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Acute protease supplementation effects on muscle damage and recovery across consecutive days of cycle racing


Shing, CM and Chong, SJ and Driller, MW and Fell, JW, Acute protease supplementation effects on muscle damage and recovery across consecutive days of cycle racing, European Journal of Sport Science, 16, (2) pp. 206-212. ISSN 1746-1391 (2015) [Refereed Article]

Copyright Statement

© 2015 European College of Sport Science

DOI: doi:10.1080/17461391.2014.1001878


Bromelain, a mixture of proteases obtained from pineapples, has been demonstrated to reduce exercise-induced muscle damage and inflammation, enhancing recovery. This investigation aimed to establish if markers of muscle damage and testosterone were influenced by acute bromelain supplementation in competitive cyclists taking part in a six-day cycle stage race. Fifteen highly trained cyclists [age: 22, 𝑆𝒳̄  = 1.2 years, height: 1.79, 𝑆𝒳̄  = 0.01 m, body mass: 68.69, 𝑆𝒳̄  = 1.97 kg] were supplemented with either bromelain (1000 mg·day−1) (n = 8) or a placebo (n = 7) across six days of competitive racing in a randomised, double-blind, placebo-controlled trial. Blood was collected from each cyclist on days one, three and six of racing and analysed for creatine kinase (CK), myoglobin, lactate dehydrogenase (LDH) and testosterone. CK activity (P < 0.001, d = 17.4–18.8), LDH activity (P < 0.004, d = 0.5–2.5) and myoglobin concentration (P < 0.007, d = 3.4–4.8) were elevated from pre-race on days three and six of racing in both groups. Testosterone concentrations were significantly lower on the final day of racing (P = 0.03, d = 1.3) and there was a trend for bromelain to maintain testosterone concentrations across the race period (P = 0.05, d = 1.04–1.70) when compared to placebo. Fatigue rating was lower in the bromelain group on day four of racing (P = 0.01). Consecutive days of competitive cycling were associated with increased markers of muscle damage and a reduction in circulating testosterone across the race period. Bromelain supplementation reduced subjective feelings of fatigue and was associated with a trend to maintain testosterone concentration.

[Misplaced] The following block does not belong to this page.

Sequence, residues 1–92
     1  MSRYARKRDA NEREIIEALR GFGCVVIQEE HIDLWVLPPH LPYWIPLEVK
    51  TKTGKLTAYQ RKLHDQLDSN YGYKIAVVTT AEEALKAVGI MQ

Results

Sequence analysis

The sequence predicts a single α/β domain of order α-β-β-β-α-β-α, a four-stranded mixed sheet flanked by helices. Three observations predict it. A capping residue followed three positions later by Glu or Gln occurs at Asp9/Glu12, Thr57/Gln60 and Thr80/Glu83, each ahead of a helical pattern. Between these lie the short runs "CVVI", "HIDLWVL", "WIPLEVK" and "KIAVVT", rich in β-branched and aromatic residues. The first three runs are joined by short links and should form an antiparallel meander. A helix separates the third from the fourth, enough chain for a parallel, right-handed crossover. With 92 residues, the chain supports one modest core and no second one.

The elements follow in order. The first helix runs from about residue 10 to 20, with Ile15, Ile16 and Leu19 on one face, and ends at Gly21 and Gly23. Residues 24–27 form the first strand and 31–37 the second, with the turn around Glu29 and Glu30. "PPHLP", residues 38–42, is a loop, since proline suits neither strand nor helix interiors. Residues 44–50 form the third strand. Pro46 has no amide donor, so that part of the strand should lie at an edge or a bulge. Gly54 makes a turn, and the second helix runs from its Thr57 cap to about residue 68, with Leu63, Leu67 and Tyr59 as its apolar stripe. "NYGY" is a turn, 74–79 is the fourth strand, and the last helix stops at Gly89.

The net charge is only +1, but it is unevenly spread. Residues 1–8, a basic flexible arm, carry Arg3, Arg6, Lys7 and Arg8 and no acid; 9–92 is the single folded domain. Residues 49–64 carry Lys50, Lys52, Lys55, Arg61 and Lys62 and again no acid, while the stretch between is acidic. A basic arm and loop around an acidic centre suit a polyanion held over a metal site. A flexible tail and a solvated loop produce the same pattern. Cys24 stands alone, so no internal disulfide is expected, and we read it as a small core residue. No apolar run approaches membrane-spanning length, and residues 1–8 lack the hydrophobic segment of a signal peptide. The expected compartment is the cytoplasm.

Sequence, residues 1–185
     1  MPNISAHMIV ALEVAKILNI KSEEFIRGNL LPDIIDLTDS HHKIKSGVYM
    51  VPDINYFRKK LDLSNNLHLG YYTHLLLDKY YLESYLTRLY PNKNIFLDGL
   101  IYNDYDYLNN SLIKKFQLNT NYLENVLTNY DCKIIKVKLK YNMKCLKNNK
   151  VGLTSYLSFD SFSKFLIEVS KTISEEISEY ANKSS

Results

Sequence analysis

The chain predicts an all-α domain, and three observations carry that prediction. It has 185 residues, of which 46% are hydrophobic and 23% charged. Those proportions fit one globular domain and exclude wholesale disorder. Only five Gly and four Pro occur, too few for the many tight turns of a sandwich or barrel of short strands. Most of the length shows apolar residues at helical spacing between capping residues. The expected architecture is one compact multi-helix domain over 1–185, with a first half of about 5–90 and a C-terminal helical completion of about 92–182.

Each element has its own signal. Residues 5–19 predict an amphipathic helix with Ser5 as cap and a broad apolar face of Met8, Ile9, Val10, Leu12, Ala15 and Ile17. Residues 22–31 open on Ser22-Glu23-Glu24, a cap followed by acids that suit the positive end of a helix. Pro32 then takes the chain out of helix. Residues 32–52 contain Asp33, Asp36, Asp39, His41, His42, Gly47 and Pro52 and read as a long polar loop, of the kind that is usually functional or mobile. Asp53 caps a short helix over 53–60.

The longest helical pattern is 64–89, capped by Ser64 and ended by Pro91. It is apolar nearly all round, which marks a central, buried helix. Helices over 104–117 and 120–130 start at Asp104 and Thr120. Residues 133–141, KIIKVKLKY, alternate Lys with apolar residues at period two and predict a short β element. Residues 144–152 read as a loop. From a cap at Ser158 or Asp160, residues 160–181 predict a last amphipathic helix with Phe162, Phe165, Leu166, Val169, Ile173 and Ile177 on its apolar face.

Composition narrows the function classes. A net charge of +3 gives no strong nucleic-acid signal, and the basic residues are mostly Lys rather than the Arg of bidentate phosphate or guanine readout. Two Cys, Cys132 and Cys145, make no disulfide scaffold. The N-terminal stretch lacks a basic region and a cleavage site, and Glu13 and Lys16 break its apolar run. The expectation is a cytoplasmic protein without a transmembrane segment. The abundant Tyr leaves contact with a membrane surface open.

Item Details

Item Type:Refereed Article
Keywords:bromelain, creatine kinase, myoglobin, testosterone, lactate dehydrogenase
Research Division:Health Sciences
Research Group:Sports science and exercise
Research Field:Exercise physiology
Objective Division:Health
Objective Group:Specific population health (excl. Indigenous health)
Objective Field:Specific population health (excl. Indigenous health) not elsewhere classified
UTAS Author:Shing, CM (Dr Cecilia Kitic)
UTAS Author:Chong, SJ (Mrs Sarah Chong)
UTAS Author:Driller, MW (Dr Matthew Driller)
UTAS Author:Fell, JW (Associate Professor James Fell)
ID Code:99541
Year Published:2015
Web of Science® Times Cited:8
Deposited By:Health Sciences
Deposited On:2015-03-27
Last Modified:2017-10-31

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